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Extraterrestrial atmospheres

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The study of extraterrestrial atmospheres is an active field of research, both as an aspect of astronomy and to gain insight into Earth's atmosphere. In addition to Earth, many of the other astronomical objects in the Solar System have atmospheres. These include all the gas giants, as well as Mars and Venus. Several moons and other bodies (notably Pluto) as well as comets and the Sun. In addition, there is evidence that some extrasolar planets also have atmospheres. 

Solar System planetsEdit

Earth is excluded from this list as this article is about extraterrestrial atmospheres. For more information about the atmosphere of Earth, see Atmosphere of Earth.




Due to its small size, Mercury does not have a substantial atmosphere. It has an extremely thin atmosphere which mostly consists of a small amount of helium and traces of sodium, potassium, and oxygen. These gases derive from the solar wind, radioactive decay, meteor impacts, and breakdown of Mercury's crust. Mercury's atmosphere is not stable and is constantly being refreshed because of its atoms escaping into space as a result of the planet's heat.




Venus' atmosphere is mostly composed of carbon dioxide, with minor amounts of nitrogen and other trace elements including compounds based on hydrogen, nitrogen, sulfur, carbon, and oxygen. The atmosphere of Venus is much hotter, denser, and deeper than that of Earth.

The troposphere begins at the surface and extends up to an altitude of 65 kilometres (an altitude at which the mesosphere has already been reached on Earth). At the top of the troposphere, temperature and pressure reach Earth-like levels. Winds at the surface are typically at around 11 - 15 mph (5 - 6 m/s) while in the upper troposphere it can reach to around 167 mph (75 m/s). The stratosphere and mesosphere extend from 65 km to 95 km in height. The thermospherre and exosphere begin at around 95 kilometers, eventually reaching the limit of the atmosphere at about 220 to 250 km.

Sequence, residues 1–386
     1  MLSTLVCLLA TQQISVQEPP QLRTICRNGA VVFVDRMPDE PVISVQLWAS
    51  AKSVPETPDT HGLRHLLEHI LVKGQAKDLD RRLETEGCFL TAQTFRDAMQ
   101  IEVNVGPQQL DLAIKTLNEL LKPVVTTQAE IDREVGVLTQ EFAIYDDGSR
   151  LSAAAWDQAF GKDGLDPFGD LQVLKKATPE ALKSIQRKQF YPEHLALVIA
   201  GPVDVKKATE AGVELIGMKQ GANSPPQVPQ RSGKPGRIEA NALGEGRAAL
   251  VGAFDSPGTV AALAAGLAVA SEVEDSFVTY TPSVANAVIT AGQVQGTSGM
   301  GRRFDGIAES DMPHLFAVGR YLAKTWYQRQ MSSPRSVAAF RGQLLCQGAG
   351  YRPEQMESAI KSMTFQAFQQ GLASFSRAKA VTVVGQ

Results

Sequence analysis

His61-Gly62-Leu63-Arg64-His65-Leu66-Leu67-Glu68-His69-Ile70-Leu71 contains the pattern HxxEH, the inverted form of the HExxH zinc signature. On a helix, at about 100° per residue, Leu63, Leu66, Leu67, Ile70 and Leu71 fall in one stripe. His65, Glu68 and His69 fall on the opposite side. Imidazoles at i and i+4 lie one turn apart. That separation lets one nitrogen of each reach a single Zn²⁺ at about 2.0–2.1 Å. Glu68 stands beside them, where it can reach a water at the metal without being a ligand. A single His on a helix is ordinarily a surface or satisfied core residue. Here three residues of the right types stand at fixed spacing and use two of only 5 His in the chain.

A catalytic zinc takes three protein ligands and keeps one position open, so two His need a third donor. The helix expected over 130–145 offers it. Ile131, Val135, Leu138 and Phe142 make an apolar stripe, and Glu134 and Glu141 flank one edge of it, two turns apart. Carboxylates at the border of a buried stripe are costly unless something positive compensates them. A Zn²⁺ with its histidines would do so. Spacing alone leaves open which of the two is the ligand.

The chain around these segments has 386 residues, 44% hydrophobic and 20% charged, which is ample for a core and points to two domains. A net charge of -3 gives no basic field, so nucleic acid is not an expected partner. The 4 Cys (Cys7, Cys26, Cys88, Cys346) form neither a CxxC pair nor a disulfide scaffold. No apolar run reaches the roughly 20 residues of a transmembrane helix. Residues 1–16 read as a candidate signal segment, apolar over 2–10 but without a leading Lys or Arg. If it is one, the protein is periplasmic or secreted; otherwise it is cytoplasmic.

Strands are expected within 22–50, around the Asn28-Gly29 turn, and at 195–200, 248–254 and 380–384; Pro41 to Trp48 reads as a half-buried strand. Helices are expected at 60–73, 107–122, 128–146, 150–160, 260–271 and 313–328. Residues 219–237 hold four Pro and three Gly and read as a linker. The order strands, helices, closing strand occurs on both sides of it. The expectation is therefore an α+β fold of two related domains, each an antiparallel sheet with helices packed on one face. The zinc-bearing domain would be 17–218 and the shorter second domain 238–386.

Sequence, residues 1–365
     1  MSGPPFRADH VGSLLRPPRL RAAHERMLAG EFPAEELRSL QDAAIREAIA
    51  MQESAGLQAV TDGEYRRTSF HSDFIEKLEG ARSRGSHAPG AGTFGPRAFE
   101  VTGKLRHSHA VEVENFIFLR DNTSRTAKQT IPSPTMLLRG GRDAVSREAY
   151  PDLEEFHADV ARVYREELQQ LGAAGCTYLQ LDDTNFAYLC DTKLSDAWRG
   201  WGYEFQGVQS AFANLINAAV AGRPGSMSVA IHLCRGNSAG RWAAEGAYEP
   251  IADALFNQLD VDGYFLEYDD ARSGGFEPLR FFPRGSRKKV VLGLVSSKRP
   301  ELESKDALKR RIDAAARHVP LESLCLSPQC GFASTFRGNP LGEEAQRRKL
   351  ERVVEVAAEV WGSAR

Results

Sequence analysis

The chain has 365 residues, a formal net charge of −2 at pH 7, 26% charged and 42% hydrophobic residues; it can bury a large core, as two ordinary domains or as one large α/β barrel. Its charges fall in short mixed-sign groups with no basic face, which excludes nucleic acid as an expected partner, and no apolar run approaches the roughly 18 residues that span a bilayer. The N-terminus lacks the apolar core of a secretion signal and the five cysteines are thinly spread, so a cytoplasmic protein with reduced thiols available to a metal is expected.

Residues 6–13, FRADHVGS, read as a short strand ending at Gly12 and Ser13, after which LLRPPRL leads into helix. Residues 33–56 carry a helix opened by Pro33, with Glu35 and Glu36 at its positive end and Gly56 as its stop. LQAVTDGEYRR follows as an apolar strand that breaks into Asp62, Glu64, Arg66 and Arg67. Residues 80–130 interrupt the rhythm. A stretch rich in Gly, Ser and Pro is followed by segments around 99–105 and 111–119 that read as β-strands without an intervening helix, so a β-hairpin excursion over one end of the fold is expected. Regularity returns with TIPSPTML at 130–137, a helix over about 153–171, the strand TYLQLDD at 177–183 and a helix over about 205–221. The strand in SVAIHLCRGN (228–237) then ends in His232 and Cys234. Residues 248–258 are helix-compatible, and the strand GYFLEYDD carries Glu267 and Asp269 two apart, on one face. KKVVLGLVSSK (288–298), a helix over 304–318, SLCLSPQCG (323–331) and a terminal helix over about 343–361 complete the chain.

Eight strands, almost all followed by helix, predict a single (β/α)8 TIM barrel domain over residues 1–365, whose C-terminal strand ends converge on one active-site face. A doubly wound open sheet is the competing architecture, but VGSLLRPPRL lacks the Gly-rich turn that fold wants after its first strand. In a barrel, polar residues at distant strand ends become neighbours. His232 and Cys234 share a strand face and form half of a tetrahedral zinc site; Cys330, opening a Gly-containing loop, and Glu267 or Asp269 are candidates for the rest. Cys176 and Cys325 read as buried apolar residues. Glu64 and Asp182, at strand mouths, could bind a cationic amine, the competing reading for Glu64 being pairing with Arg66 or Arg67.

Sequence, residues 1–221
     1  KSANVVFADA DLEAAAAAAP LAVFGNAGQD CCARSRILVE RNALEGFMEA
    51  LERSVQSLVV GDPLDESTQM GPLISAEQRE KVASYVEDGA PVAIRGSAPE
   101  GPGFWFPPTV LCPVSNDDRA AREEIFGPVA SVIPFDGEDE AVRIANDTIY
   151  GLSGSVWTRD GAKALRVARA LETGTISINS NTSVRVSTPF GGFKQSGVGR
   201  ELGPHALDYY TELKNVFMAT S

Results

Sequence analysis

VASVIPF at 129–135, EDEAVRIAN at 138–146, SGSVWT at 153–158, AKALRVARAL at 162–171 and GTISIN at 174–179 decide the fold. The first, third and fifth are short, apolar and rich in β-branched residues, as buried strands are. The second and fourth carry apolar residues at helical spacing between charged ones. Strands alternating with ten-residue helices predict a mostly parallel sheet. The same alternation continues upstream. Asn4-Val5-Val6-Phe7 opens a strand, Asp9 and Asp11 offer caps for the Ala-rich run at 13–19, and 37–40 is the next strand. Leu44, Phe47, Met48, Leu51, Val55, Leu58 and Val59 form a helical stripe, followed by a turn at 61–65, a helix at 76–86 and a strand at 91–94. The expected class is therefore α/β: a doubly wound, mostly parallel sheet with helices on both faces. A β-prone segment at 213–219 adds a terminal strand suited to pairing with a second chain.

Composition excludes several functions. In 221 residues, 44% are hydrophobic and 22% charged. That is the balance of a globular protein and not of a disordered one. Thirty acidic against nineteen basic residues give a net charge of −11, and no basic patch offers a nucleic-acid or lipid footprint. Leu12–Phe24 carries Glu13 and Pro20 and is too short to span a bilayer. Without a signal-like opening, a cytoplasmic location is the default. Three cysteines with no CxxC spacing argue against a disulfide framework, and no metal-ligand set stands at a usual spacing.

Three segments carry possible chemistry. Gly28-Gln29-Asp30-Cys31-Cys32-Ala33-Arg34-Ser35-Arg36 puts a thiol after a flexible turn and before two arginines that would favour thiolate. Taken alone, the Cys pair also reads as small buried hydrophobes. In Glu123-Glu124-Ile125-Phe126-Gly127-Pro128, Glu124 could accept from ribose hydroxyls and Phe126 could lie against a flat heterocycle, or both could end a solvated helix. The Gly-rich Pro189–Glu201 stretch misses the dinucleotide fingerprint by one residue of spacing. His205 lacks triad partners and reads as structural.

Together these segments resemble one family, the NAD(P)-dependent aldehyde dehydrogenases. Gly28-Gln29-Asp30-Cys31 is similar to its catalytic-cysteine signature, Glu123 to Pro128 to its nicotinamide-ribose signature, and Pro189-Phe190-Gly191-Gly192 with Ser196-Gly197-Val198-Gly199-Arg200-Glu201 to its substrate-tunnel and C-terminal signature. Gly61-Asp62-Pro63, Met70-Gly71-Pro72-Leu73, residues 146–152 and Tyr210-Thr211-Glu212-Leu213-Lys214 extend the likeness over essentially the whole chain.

The air pressure at Venus' surface is about 92 times that of the Earth. The enormous amount of CO2 in the atmosphere creates a strong greenhouse effect, raising the surface temperature to about 878 °F (470 °C, 743 °K) which makes it the hottest planet in the Solar System.




Mars has a very thin atmosphere composed mainly of carbon dioxide, with some nitrogen and argon. The average surface pressure on Mars in 0.6 - 0.9 kPa, compared to 101 kPa on Earth. This results in a much lower atmospheric thermal inertia, and as a consequence Mars is subject to strong thermal tides that can change total atmospheric pressure by up to 10%. The thin atmosphere also increases the variability of the planet's temperature. Martian surface temperatures vary from lows of approximately -220°F (-140°C, 133°K) during the polar winters to highs of around 72°F (22°C, 295°K)

Between 1975 and 1995, Mars warmed by about 1.2°F (0.65°C) due to dust storms that made its surface darker so that it absorbed more sunlight. Changes in pits in the layer of frozen carbon dioxide at the Martian south pole observed between 1999 and 2001 suggest the south polar ice cap is shrinking. More recent observations indicate that Mars' south pole is continuing to melt. "It's evaporating right now at a prodigious rate," says Michael Malin, principal investigator for the Mars Orbiter Camera. The pits in the ice are growing by about 3 meters (9.8 ft) per year. Malin states that conditions on Mars are not currently conductive to the formation of new ice. NASA has suggested that this indicates a "climate change in progress" on Mars.


Jupiter's upper atmosphere is composed of about 75% hydrogen and 24% helium by mass, with the remaining 1% consisting of other elements.

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